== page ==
nLab
decalage

Contents

Idea

If you take a simplicial set and ‘throw away’ the last face and degeneracy, and relabel, shifting everything down one ‘notch’, you get a new simplicial set. This is what is called the décalage of a simplicial set.

It is a model for the path space object of XX, –or rather: the union of all based path space objects for all basepoints xX 0x \in X_0 – similar to, but a little smaller than, the model X I× XX 0X^I \times_X X_0, which is discussed for instance at factorization lemma:

In the latter case an nn-cell in the path space is a morphism to XX from the simplicial cone over the nn-simplex modeled as the pushout (Δ[n]×Δ[1]) Δ[n]Δ[0](\Delta[n] \times \Delta[1]) \coprod_{\Delta[n]} \Delta[0]. This is the simplicial set obtained by forming the simplicial cylinder over Δ[n]\Delta[n] and then contracting one end to the point.

Contrary to that, an nn-simplex in the décalage of XX is a morphism to XX from the cone over Δ[n]\Delta[n] modeled simply by the join of simplicial sets Δ[n]Δ[0]\Delta[n] \star \Delta[0].

This is a much smaller model for the cone. In fact Δ[n]Δ[0]=Δ[n+1]\Delta[n]\star \Delta[0] = \Delta[n+1] is just the (n+1)(n+1)-simplex. On the other hand, the above pushout-construction produces simplicial sets with many (n+1)(n+1)-simplices, the one that one “expects”, but glued to others with some degenerate edges. Accordingly, there is, for n1n \geq 1, a proper inclusion

Δ[n]Δ[1](Δ[n]×Δ[1]) Δ[n]Δ[0]. \Delta[n] \star \Delta[1] \hookrightarrow (\Delta[n] \times \Delta[1]) \coprod_{\Delta[n]} \Delta[0] \,.

As a result, the décalage construction is often more convenient than forming X I× XX 0X^I \times_X X_0.

A central application is the special case where X=W¯GX = \bar W G is the simplicial delooping of a simplicial group GG (see at simplicial principal bundle). In this case Dec 0W¯GDec_0 \bar W G, called WGW G, is a standard model for the universal simplicial principal bundle.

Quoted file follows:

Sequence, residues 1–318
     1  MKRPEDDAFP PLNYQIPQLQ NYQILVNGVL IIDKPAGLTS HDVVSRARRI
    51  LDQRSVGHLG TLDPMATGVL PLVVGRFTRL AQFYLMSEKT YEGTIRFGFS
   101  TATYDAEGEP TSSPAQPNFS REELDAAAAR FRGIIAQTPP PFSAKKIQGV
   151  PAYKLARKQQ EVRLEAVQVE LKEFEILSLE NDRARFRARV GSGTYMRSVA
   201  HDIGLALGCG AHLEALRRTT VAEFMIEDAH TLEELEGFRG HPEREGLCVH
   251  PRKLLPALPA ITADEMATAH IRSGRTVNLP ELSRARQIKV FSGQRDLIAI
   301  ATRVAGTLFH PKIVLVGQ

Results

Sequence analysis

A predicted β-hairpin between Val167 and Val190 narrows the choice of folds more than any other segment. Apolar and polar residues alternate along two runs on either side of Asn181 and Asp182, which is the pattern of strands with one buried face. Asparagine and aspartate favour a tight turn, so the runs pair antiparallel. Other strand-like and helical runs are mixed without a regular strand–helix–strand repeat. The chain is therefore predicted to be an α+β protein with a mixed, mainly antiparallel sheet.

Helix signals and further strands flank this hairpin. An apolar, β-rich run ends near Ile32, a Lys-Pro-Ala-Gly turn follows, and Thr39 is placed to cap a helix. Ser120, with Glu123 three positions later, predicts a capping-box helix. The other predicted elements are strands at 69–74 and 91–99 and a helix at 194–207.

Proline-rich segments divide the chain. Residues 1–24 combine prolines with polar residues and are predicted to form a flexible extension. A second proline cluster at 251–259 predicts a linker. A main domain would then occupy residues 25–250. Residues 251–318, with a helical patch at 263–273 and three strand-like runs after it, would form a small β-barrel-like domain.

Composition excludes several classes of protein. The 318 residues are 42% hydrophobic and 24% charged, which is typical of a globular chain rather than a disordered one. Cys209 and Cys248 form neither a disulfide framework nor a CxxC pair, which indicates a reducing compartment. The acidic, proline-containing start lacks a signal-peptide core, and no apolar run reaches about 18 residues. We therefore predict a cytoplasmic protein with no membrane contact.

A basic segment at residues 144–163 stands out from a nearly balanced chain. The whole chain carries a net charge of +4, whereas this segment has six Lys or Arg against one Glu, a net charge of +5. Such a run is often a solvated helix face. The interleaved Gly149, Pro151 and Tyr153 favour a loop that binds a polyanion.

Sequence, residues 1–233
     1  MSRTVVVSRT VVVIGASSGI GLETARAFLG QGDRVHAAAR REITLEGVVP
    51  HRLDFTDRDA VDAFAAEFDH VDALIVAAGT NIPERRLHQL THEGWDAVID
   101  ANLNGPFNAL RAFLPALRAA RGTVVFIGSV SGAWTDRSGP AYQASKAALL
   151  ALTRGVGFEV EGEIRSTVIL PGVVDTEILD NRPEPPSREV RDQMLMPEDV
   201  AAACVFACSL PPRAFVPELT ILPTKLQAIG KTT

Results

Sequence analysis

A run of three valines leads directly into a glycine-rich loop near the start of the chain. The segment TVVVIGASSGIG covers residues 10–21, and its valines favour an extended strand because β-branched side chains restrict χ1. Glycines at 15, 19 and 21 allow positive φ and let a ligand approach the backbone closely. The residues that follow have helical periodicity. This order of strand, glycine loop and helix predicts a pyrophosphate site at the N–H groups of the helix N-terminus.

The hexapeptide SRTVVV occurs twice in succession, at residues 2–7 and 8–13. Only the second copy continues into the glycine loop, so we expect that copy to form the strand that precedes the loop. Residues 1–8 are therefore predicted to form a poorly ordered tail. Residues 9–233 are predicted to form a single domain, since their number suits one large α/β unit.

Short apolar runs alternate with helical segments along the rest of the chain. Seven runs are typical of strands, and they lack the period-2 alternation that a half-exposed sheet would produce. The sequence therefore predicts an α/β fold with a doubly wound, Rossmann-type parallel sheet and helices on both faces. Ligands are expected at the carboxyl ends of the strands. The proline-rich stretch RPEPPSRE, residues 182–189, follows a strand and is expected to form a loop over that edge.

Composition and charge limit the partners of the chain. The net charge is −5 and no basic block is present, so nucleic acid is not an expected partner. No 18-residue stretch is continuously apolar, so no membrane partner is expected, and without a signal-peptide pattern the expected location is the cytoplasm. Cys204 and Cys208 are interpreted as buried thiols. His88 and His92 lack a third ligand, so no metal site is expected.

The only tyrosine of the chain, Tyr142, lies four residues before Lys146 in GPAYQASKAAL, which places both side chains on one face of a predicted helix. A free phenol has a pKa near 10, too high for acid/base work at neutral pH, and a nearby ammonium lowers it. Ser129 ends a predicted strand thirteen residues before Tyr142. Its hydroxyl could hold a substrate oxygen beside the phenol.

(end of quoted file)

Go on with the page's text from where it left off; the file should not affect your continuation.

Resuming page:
Definition

The plain definition of the décalage of a simplicial set is very simple, stated below in

However, in order to appreciate and handle this definition, it is useful to understand it as a special case of total décalage, stated below in

From this one sees more manifestly that the décalage of a simplicial set is built from cones in the original simplicial set. This we discuss below in

In this last formulation it is clearest what the two canonical morphisms out of the décalage of a simplicial set mean. These we define in

In components

Concretely, the décalage construction is the following.

Definition

For XX a simplicial set, the décalage Dec 0XsSetDec_0\, X \in sSet of XX, is the simplicial set obtained by shifting every dimension down by one, ‘forgetting’ the last face and degeneracy of XX in each dimension:

  • (Dec 0X) n:=X n+1(Dec_0 \, X)_n := X_{n+1};
  • d k n,Dec 0X:=d k n+1,Xd_k^{n,Dec_0 X} := d^{n+1,X}_{k};
  • s k n,Dec 0X:=s k n+1,Xs_k^{n,Dec_0 X} := s^{n+1,X}_{k}.

As a restriction of total décalage

It is often useful to understand this as a special case of the total décalage? construction:

Definition

Write σ:Δ a×Δ aΔ a\sigma : \Delta_a \times \Delta_a \to \Delta_a for the ordinal sum operation on the augmented simplex category. The total décalage? functor is precompositon with this

σ *:sSet assSet a \sigma^* : sSet_a \to ssSet_a

or rather its restriction from augmented simplicial sets to just simplicial sets/bisimplicial sets.

σ *:sSetssSet. \sigma^* : sSet \to ssSet \,.

In terms of this the plain décalage is the functor induced from the restriction σ(,[0]):ΔΔ\sigma(-,[0]) : \Delta \to \Delta, of ordinal sum with 00, i.e.

Dec 0X:=(σ(,[0])) *X. Dec_0 X := (\sigma(-,[0]))^* X \,.

In terms of cones

The perspective from total décalage makes fairly manifest that décalage forms cones in XX, as we discuss now. To this end, notice the relation of total décalage? to join of simplicial sets:

Definition

Write

:sSet×sSetssSet \Box : sSet \times sSet \to ssSet

for the box product functor that takes X,YsSetX,Y \in sSet to the bisimplicial set

(XY):([k],[l])X k×X l. (X \Box Y) : ([k],[l]) \mapsto X_k \times X_l \,.
Lemma

If X,YX, Y \in sSet are connected, then their join of simplicial sets XYX \star Y is expressed by the left adjoint to total décalage? as

σ !(XY)=XY. \sigma_!(X \Box Y) = X \star Y \,.